Earlier this month, a California Superior Court judge ruled the state’s Proposition 22 voting initiative unconstitutional. The decision was a huge victory for workers – not only the pay-as-you-go workers, but all those who work for a living, all of whom have a stake in ensuring that hard-earned labor rights, however inadequate, are not are not further undermined.

To recap: Proposition 22 is the landmark anti-labor law written by so-called gig companies that defines a separate set of standards for people who work for app-based entities like Uber, Lyft, and DoorDash. The companies spent some $ 200 million promoting the California state ballot measure. The whole campaign has paid off: in November of last year, voters approved the measure. In doing so, they have enabled these companies to avoid the costs and responsibilities of being an employer: minimum wage and overtime laws, workers compensation, health insurance, sick leave and protection. against discrimination in the workplace.

Despite the recent court ruling, Proposition 22 remains on the books: the decision will almost certainly be appealed to the California Supreme Court, and the case likely won’t be resolved for another year. In the meantime, these companies are busy releasing Prop 22 clones to other states.

One of the strategies gig companies used to confuse voters and drivers was to tout the benefits workers would receive in exchange for surrendering their rights. Prop 22 supporters said drivers would be paid at least 120% of local minimums while actively driving. This “active driving” is key: Since a driver’s shift consists of time between trips or tasks, the pay is much less than that. A UC Berkeley study estimates that the effective average salary under Proposition 22 is as low as $ 5.64.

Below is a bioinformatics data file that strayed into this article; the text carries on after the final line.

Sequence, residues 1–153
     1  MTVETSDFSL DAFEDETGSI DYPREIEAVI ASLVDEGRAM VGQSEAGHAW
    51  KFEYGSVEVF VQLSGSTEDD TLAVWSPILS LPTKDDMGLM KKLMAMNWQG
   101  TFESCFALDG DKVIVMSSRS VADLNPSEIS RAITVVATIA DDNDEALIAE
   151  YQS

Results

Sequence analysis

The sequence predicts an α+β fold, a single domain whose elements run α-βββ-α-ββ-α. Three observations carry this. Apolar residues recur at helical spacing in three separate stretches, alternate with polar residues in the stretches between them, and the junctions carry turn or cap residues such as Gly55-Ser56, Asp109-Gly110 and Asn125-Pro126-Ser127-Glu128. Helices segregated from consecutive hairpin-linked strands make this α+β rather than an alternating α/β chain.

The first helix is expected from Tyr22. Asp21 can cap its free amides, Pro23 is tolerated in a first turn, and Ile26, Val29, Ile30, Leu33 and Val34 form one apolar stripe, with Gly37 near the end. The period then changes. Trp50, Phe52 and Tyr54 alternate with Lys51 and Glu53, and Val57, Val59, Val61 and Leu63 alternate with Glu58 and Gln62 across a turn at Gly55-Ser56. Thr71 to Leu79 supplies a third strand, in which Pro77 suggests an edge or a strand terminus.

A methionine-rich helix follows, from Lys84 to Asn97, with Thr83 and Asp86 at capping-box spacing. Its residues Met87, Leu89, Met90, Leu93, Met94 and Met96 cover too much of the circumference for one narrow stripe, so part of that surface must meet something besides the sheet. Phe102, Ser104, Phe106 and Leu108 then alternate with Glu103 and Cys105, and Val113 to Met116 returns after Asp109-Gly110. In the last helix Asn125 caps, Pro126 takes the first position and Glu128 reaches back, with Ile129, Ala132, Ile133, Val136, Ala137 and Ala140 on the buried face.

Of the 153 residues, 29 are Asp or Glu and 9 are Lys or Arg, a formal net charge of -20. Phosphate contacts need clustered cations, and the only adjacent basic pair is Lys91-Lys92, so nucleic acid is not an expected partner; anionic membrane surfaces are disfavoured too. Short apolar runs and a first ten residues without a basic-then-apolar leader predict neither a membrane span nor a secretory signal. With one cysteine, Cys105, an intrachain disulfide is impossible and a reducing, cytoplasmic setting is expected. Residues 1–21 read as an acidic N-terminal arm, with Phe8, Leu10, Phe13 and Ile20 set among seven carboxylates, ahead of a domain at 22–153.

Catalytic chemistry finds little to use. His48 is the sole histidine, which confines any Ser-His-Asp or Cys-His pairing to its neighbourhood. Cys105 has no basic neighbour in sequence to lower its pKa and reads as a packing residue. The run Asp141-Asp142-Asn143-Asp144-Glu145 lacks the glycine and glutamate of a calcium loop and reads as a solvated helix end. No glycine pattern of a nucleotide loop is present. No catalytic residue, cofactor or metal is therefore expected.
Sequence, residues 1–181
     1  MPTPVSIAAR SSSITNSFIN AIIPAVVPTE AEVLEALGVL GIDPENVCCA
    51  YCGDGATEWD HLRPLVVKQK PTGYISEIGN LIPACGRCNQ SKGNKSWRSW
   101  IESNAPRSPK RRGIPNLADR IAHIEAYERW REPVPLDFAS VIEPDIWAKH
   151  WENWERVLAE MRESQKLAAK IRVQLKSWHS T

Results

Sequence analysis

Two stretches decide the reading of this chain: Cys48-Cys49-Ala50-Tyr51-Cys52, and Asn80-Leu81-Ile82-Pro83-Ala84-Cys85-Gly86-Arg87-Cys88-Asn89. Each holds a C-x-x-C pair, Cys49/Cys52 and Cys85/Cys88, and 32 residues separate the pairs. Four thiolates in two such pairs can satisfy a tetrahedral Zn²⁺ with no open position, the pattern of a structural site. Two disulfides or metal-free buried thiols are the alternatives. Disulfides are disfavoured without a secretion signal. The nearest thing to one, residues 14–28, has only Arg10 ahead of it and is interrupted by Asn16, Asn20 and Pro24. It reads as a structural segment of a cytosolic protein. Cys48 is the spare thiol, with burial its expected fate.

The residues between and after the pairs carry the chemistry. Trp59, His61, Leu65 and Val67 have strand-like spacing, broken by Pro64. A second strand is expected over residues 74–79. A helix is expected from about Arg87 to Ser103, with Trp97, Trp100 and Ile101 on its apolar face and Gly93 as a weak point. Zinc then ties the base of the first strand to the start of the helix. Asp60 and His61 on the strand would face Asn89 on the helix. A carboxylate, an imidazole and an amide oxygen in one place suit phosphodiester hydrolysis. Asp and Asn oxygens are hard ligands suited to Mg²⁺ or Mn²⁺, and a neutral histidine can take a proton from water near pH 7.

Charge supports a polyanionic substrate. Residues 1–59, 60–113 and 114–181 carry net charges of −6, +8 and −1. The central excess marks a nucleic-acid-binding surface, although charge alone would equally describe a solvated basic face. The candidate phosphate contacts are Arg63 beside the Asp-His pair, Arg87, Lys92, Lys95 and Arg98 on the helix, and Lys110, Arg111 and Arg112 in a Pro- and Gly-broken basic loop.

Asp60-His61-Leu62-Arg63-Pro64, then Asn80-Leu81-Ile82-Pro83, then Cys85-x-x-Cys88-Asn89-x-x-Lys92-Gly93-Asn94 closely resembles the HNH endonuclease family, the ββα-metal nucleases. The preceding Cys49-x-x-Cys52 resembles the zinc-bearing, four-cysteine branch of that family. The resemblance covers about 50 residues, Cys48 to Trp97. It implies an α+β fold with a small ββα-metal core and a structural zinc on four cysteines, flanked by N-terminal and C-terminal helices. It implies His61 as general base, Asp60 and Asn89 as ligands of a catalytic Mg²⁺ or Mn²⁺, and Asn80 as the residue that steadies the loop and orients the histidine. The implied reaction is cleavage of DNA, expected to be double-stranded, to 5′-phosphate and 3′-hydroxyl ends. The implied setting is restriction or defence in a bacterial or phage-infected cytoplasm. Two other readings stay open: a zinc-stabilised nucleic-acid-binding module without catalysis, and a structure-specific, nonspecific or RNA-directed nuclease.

Another promise was that drivers would receive a health care allowance. The fine print on this one is expansive: Workers must spend at least twenty-five ‘committed’ hours per week driving – excluding the time between trips – and be the primary insured of a plan to access the full allowance. And that allowance is a far cry from the overall cost of health insurance: Uber offers a maximum of $ 400 per month, far less than the average premium for a family.

A new report examines how drivers access and do not access benefits. The study was conducted by Rideshare Drivers United (RDU), an organization of concert workers, and National Equity Atlas, which surveyed 531 California RDU members between May and June 2021, all of whom drive for Uber, Lyft or otherwise. application-based businesses.

The study finds that many drivers do not receive the health care benefits promised, even when they are entitled to them. Ten percent of the drivers surveyed receive the allowance. Forty percent “have never heard of their ability to claim benefits or were not sure whether they received a notification.” Latino drivers are particularly unlikely to be aware of the allowance – half of those surveyed either do not remember receiving a notification about it or are unsure of it.

The report finds that 16 percent of those surveyed go without health insurance, double the national rate of uninsured. A driver told reporters that although he did not have insurance, he had visited a hospital emergency room twice in the past year for medical treatment.